skip to main content


Title: Plasmonic gain in current biased tilted Dirac nodes
Abstract

Surface plasmons, which allow tight confinement of light, suffer from high intrinsic electronic losses. It has been shown that stimulated emission from excited electrons can transfer energy to plasmons and compensate for the high intrinsic losses. To-date, these realizations have relied on introducing an external gain media coupled to the surface plasmon. Here, we propose that plasmons in two-dimensional materials with closely located electron and hole Fermi pockets can be amplified, when an electrical current bias is applied along the displaced electron-hole pockets, without the need for an external gain media. As a prototypical example, we consider WTe2from the family of 1T$${}^{{\prime} }$$-MX2materials, whose electronic structure can be described within a type-II tilted massive Dirac model. We find that the nonlocal plasmonic response experiences prominent gain for experimentally accessible currents on the order of mAμm−1. Furthermore, the group velocity of the plasmon found from the isofrequency curves imply that the amplified plasmons are highly collimated along a direction perpendicular to the Dirac node tilt when the electrical current is applied along it.

 
more » « less
Award ID(s):
1741660
NSF-PAR ID:
10385037
Author(s) / Creator(s):
; ; ;
Publisher / Repository:
Nature Publishing Group
Date Published:
Journal Name:
Nature Communications
Volume:
13
Issue:
1
ISSN:
2041-1723
Format(s):
Medium: X
Sponsoring Org:
National Science Foundation
More Like this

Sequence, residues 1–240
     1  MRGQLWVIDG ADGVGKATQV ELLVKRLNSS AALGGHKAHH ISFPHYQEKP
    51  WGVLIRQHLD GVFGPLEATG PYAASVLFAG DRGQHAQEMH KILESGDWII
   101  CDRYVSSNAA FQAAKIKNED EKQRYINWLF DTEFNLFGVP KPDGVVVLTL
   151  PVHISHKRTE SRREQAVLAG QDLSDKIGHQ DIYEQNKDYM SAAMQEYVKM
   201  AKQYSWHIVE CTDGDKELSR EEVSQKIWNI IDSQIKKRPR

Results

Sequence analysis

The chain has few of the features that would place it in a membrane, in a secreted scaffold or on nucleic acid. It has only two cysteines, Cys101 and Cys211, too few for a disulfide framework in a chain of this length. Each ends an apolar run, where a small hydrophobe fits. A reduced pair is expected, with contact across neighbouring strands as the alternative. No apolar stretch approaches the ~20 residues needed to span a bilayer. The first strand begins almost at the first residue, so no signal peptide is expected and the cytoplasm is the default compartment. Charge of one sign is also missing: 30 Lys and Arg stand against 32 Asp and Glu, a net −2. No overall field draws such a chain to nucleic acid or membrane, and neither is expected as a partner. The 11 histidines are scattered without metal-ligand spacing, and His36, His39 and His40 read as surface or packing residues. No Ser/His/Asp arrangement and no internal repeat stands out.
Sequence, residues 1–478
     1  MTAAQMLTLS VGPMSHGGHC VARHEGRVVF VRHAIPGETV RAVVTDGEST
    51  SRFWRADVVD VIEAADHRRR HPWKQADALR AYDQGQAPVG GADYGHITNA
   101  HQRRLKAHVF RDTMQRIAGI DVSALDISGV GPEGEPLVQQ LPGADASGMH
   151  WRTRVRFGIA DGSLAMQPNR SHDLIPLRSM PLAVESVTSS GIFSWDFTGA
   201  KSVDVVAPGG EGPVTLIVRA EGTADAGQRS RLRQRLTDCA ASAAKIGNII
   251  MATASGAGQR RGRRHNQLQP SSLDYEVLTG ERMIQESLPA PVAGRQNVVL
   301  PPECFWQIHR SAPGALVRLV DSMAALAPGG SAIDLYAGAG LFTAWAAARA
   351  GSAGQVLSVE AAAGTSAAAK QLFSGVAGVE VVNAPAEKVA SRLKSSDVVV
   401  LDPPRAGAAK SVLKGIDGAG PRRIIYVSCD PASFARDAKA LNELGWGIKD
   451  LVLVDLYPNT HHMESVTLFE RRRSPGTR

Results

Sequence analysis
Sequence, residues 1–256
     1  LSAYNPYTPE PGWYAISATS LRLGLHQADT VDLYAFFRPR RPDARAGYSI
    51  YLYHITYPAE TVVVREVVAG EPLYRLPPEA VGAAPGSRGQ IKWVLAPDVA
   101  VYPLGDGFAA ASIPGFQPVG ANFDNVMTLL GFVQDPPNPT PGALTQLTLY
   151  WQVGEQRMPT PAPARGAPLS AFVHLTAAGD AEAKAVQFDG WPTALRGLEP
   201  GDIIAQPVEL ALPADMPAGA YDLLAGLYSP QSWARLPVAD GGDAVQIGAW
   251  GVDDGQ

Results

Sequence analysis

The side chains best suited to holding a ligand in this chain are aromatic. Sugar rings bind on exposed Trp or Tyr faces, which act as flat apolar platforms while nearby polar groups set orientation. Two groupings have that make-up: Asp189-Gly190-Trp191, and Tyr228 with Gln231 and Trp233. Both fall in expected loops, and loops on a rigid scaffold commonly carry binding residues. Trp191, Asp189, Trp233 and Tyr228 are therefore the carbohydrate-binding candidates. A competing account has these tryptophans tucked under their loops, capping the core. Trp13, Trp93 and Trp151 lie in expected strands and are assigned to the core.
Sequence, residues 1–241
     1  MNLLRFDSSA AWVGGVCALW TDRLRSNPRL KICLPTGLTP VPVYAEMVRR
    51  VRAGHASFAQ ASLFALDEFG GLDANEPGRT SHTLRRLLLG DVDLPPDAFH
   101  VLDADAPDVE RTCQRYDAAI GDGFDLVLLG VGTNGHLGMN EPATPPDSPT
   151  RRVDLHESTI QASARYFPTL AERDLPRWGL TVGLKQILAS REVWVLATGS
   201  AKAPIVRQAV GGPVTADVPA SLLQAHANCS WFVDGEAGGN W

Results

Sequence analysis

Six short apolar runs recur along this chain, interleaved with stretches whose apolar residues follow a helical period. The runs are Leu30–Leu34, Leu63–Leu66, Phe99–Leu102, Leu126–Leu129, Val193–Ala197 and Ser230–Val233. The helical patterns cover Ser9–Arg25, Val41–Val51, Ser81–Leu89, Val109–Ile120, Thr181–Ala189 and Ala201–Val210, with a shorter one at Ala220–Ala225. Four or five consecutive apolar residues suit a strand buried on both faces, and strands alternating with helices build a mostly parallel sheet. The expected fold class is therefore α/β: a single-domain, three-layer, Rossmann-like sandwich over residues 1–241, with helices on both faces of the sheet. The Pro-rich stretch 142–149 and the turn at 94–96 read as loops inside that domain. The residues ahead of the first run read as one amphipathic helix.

1. Abstract

    We present a proof of concept for a spectrally selective thermal mid-IR source based on nanopatterned graphene (NPG) with a typical mobility of CVD-grown graphene (up to 3000$$\hbox {cm}^2\,\hbox {V}^{-1}\,\hbox {s}^{-1}$$cm2V-1s-1), ensuring scalability to large areas. For that, we solve the electrostatic problem of a conducting hyperboloid with an elliptical wormhole in the presence of anin-planeelectric field. The localized surface plasmons (LSPs) on the NPG sheet, partially hybridized with graphene phonons and surface phonons of the neighboring materials, allow for the control and tuning of the thermal emission spectrum in the wavelength regime from$$\lambda =3$$λ=3to 12$$\upmu$$μm by adjusting the size of and distance between the circular holes in a hexagonal or square lattice structure. Most importantly, the LSPs along with an optical cavity increase the emittance of graphene from about 2.3% for pristine graphene to 80% for NPG, thereby outperforming state-of-the-art pristine graphene light sources operating in the near-infrared by at least a factor of 100. According to our COMSOL calculations, a maximum emission power per area of$$11\times 10^3$$11×103W/$$\hbox {m}^2$$m2at$$T=2000$$T=2000K for a bias voltage of$$V=23$$V=23V is achieved by controlling the temperature of the hot electrons through the Joule heating. By generalizing Planck’s theory to any grey body and deriving the completely general nonlocal fluctuation-dissipation theorem with nonlocal response of surface plasmons in the random phase approximation, we show that the coherence length of the graphene plasmons and the thermally emitted photons can be as large as 13$$\upmu$$μm and 150$$\upmu$$μm, respectively, providing the opportunity to create phased arrays made of nanoantennas represented by the holes in NPG. The spatial phase variation of the coherence allows for beamsteering of the thermal emission in the range between$$12^\circ$$12and$$80^\circ$$80by tuning the Fermi energy between$$E_F=1.0$$EF=1.0eV and$$E_F=0.25$$EF=0.25eV through the gate voltage. Our analysis of the nonlocal hydrodynamic response leads to the conjecture that the diffusion length and viscosity in graphene are frequency-dependent. Using finite-difference time domain calculations, coupled mode theory, and RPA, we develop the model of a mid-IR light source based on NPG, which will pave the way to graphene-based optical mid-IR communication, mid-IR color displays, mid-IR spectroscopy, and virus detection.

     
    more » « less
  2. Abstract